NASHVILLE, Tennessee-"Camptothecins have radiosensitizing as well as cytotoxic effects, and combining a camptothecin such as irinotecan with radiation on the right schedule might produce a powerful antitumor regimen," according to Allan Chen, MD, PhD. Dr. Chen is assistant professor of radiation oncology at Vanderbilt University Medical Center in Nashville, Tennessee.
NASHVILLE, Tennessee"Camptothecins have radiosensitizing as well as cytotoxic effects, and combining a camptothecin such as irinotecan with radiation on the right schedule might produce a powerful antitumor regimen," according to Allan Chen, MD, PhD. Dr. Chen is assistant professor of radiation oncology at Vanderbilt University Medical Center in Nashville, Tennessee.
Dr. Chen reviewed previous phase I/II chemoradiation trials of irinotecan (Camptosar) for non-small-cell lung cancer (NSCLC). "The promising results of these early trials," he said, "indicate that there is an urgent need to speed up understanding of the cytotoxic interaction of radiation and the camptothecin drugs."
Combining chemotherapy with radiation presents a number of potential advantages. One of these, Dr. Chen noted, is spatial cooperation: chemotherapy offers systemic control, while radiation treats tumor sanctuary sites. A second potential benefit is that chemotherapy reduces tumor burden at the local primary tumor site. Some types of chemotherapy, including camptothecins, are also radiosensitizers and can increase the efficacy of a given dose of radiation.
Attractive Therapeutic Target
Dr. Chen said that topoisomerase I is attractive as a therapeutic target because it is elevated in both proliferating and quiescent tumor cells and because targeting topoisomerase I can have both cytotoxic and radiosensitizing effects. "Advances in studies of the molecular mechanism of action of topoisomerase I as a therapeutic target provide a unique opportunity for development of better cancer therapy," he said.
Cell killing by camptothecins requires active DNA synthesis. Dr. Chen explained that topoisomerase I forms a transient covalent linkage with the 3' end of the cleaved DNA during catalysis. Camptothecins trap this reversible topoisomerase I-DNA cleavable complex and convert a DNA topology-modifying activity into a DNA-breaking poison. This damages DNA through interaction with ongoing DNA replication.
Radiation sensitivity varies during the mitotic cell cycle. "Cells in G2-phase are the most sensitive to radiation. Those in S-phase are the most resistant. Combining an S-phase-specific cytotoxic drug with radiation theorectically should produce an additive effect," Dr. Chen said.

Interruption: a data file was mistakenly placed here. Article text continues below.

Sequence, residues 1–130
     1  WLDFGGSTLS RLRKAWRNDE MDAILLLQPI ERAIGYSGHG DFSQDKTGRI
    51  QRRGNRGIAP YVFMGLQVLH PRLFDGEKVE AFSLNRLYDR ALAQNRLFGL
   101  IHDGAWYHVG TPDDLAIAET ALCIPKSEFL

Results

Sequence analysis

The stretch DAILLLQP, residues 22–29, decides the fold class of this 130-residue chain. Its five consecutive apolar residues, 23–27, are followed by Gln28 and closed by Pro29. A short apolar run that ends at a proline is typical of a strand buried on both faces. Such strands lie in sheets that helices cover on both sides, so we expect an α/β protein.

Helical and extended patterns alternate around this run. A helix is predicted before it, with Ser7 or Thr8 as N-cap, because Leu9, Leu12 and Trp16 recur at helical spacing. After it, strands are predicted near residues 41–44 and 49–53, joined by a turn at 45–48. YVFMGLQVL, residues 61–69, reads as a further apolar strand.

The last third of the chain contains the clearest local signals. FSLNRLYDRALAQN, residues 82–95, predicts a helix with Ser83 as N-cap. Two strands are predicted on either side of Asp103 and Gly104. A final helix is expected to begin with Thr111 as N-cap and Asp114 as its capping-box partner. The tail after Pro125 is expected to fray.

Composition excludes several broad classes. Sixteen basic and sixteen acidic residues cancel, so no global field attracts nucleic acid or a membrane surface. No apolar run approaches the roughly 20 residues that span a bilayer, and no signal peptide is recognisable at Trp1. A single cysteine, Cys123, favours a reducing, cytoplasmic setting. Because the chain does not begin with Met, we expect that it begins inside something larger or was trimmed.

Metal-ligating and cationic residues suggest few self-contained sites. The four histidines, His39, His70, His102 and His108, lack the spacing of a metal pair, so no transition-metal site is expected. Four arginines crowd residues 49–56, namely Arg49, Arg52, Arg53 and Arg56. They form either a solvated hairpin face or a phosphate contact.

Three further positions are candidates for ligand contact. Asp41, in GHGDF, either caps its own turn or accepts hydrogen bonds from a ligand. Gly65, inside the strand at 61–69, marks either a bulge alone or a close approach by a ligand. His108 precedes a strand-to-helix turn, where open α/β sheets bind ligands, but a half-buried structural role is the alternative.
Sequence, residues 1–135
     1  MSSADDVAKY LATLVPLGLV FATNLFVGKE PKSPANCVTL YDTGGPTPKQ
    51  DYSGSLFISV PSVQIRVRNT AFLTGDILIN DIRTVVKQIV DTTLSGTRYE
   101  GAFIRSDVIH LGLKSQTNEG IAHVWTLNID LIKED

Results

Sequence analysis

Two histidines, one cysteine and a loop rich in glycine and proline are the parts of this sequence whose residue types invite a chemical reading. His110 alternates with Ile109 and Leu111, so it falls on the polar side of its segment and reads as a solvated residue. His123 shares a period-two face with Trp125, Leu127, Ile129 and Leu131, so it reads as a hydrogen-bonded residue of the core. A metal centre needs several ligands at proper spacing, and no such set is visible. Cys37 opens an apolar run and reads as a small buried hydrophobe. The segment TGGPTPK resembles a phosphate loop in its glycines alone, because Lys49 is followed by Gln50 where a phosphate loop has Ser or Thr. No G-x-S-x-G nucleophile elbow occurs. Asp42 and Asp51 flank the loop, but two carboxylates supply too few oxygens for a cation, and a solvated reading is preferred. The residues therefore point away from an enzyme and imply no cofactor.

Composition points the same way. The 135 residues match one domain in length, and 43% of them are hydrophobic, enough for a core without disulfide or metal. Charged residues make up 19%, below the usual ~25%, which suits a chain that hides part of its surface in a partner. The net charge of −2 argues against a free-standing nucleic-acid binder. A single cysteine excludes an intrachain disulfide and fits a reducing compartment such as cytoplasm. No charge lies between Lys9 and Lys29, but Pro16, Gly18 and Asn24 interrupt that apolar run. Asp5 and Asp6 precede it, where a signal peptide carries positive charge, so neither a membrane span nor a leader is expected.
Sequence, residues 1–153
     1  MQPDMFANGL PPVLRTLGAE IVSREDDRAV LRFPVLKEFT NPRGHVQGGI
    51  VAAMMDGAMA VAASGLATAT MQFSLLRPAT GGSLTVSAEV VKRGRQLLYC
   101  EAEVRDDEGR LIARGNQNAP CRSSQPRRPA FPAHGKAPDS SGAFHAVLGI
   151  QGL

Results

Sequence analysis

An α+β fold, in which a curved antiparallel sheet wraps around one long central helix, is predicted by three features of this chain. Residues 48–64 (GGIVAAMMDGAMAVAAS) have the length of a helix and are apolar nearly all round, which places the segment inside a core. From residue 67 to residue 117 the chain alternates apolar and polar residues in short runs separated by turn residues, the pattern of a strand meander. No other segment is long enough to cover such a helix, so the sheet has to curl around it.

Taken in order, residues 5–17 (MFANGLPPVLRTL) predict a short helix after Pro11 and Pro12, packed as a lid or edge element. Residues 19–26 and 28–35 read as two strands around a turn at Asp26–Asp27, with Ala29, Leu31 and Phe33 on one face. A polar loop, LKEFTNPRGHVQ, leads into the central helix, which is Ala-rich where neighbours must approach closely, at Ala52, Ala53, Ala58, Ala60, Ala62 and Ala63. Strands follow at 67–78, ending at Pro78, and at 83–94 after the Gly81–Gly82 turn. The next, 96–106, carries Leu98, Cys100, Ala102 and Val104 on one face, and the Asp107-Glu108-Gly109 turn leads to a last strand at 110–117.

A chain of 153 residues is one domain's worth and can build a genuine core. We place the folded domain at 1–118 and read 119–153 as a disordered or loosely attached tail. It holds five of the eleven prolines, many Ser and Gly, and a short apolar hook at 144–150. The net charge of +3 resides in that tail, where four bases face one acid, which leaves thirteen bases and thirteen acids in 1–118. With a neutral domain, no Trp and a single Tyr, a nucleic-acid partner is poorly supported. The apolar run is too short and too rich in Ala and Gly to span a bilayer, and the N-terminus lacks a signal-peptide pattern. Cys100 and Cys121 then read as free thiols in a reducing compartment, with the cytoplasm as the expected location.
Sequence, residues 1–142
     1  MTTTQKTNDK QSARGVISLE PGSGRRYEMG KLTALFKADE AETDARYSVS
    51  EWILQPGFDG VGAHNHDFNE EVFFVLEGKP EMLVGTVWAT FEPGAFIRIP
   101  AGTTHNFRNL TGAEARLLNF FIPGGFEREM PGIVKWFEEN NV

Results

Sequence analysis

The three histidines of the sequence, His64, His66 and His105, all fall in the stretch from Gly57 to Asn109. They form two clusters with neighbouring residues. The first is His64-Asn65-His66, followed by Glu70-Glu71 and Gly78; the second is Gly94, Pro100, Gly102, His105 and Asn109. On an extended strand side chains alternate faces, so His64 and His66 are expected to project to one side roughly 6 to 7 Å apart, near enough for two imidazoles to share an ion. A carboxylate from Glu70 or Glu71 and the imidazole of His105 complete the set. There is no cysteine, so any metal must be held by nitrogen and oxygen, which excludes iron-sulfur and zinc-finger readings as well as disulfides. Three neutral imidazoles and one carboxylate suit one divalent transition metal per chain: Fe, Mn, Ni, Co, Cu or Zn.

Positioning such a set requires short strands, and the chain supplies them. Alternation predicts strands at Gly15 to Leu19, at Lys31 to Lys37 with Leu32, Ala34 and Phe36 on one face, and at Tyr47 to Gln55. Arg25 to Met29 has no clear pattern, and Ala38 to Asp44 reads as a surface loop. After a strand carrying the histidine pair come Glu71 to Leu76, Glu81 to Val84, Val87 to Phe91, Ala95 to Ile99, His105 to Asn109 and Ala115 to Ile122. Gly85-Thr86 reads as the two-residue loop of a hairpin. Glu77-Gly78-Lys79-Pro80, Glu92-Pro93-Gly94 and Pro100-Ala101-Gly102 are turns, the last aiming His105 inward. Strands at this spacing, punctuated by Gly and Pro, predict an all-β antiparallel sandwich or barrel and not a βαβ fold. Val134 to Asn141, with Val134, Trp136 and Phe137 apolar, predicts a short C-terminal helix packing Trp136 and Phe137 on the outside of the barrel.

"Radiosensitization induced by camptothecins does not occur if radiation is given prior to camptothecin treatment, which suggests that it would not be effective to treat patients with radiation first followed by chemotherapy," Dr. Chen said. "Topoisomerase I-directed radiosensitization is schedule dependent and requires an intact stereospecific interaction between drug and topoisomerase I." Topoisomerase I mediated radiosensitization is also time dependent.
Proposed Explanatory Model
Dr. Chen proposed a model to explain topoisomerase I-mediated radiosensitization (Figure 1). "After the camptothecin-trapped topoisomerase I-DNA cleavable complex is formed, a collision with the DNA replication apparently generates DNA damage that leads to radiosensitization and cell death," he said. This process might be mediated by p53.
"Human cervical cancer HeLa cells are infected with the high-risk human papillomaviruses (HPVs) types 16 and 18 and contain the oncoproteins E6 and E7. The E6 protein encoded by the oncogenic HPVs targets p53 for ubiquitin-dependent proteolysis and produces a relatively suppressed p53 state in HeLa cells," Dr. Chen explained. "Campto-thecin produces little or no radiosensitization in such cells." Studies of the human colon cancer HCT-116 cell line compared to isogenic cells with p53 knocked out also support this idea.
The heterodimeric Ku protein also contributes to the theory. "The Ku protein binds to the ends of DNA breaks," Dr. Chen said. "These proteins, which are the regulatory subunits of DNA-dependent protein kinase, are involved in recombination and in nonhomologous end joining. Ku-deficient cells are hypersensitive to ionizing radiation and to topoisomerase II drugs." Ku-deficient cells are also less responsive to topoisomerase I-mediated radiosensitization.
Dr. Chen proposed that topoisomerase I radiosensitization might reduce the tumor cell’s ability to repair radiation-induced DNA damage that would be sublethal and repairable in cells not treated with camptothecins.
"Our findings suggest that DNA damage plays a key role in regulating topoisomerase I-mediated radiosensitization in mammalian cells," Dr. Chen stated. "With a better understanding of the mechanism of topoisomerase I-mediated radiosensitization, we might be able to develop novel radiation sensitizers and chemoradiation regimens for cancer therapy."